This is a typical stand set-up at a trade show. But there is a difference here, one of the mannequins is not what it seems to be. It is a guy made up to look like a mannequin.
The point of this at these sort of events is to make an impression on people. If an inanimate mannequin suddenly came alive as you were walking past, or when you were examining some clothing it was wearing, you would not forget the experience in a hurry.
How it WorksThis type of performance can be described in many ways human or living mannequin (manikin, manekin) and even freeze modelling; and has its roots in "Tableau Vivant", which was a popular form of entertainment before radio and television, where paintings or scenes where re-created by actors holding a frozen pose.
In this case our actor will take on the typical pose of a mannequin and stand motionless for long
periods. This usually takes place in public areas, typically exhibitions, shopping
centres. Some performers can suppress blinking for periods in excess of ten minutes. It is
a type of performance art, and is very popular a shopping centres and busy streets in most of the main capital cities of the World.
I have overheard people making bets at to whether I was real or not.
It is possible to be too good at being a statue/mannequin, and for people not to realise and walk past. I have perfected this to such an extent that I have been carried and loaded onto the back of lorries, dressed and positioned by people, totally unaware that they are dealing with a real human being.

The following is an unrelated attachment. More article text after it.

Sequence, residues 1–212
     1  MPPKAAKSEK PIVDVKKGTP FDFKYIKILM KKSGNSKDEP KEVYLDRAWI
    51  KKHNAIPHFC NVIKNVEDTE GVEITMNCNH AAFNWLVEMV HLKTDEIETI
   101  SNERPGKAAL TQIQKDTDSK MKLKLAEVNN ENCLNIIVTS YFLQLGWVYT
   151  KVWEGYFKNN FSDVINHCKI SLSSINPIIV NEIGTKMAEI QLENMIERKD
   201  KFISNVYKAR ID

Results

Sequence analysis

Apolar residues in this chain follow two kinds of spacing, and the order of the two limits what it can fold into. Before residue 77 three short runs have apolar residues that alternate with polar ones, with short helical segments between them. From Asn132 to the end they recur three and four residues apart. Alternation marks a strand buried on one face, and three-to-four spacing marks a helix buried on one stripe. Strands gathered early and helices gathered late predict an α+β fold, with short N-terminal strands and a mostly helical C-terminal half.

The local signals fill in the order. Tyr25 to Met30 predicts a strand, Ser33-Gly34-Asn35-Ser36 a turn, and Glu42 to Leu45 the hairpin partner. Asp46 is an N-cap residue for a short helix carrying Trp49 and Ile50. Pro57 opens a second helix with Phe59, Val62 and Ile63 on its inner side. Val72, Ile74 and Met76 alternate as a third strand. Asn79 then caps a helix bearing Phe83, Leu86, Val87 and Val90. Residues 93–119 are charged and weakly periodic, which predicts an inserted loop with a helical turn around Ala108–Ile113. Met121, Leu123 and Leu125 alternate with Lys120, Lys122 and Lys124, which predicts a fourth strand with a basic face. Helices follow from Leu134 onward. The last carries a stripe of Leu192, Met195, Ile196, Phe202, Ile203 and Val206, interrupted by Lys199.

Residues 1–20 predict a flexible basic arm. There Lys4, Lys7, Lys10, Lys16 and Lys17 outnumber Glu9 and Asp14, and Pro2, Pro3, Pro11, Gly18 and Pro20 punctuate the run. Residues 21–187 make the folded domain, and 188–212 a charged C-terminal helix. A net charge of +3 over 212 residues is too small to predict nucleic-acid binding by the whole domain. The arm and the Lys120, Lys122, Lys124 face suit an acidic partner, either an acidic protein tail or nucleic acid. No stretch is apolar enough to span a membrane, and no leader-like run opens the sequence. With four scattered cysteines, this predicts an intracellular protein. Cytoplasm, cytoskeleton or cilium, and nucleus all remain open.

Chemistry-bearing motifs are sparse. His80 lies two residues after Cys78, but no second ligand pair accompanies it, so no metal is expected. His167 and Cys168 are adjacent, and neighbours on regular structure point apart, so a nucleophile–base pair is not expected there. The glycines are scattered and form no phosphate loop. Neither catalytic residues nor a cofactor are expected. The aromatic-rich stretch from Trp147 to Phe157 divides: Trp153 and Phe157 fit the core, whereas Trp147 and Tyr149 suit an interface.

For practical purposes, it is necessary to give the audience some clue that you are not a real statue/mannequin, so that they are drawn into the performance and become interested in trying to work out what they are seeing.
Mannequin man can be used at
- At Exhibitions modelling all types of clothing, corporate, safety and industrial wear.
- At Shop openings, and shopping centres to entertain the customers.
- At corporate events to add something special to the proceedings.
- At museums to liven up static displays.
- At safety training courses as "danny" CPR, to act as a more life-like resuscitation dummy
- At weddings as a living statue
- At fire or confined space training courses as a drag dummy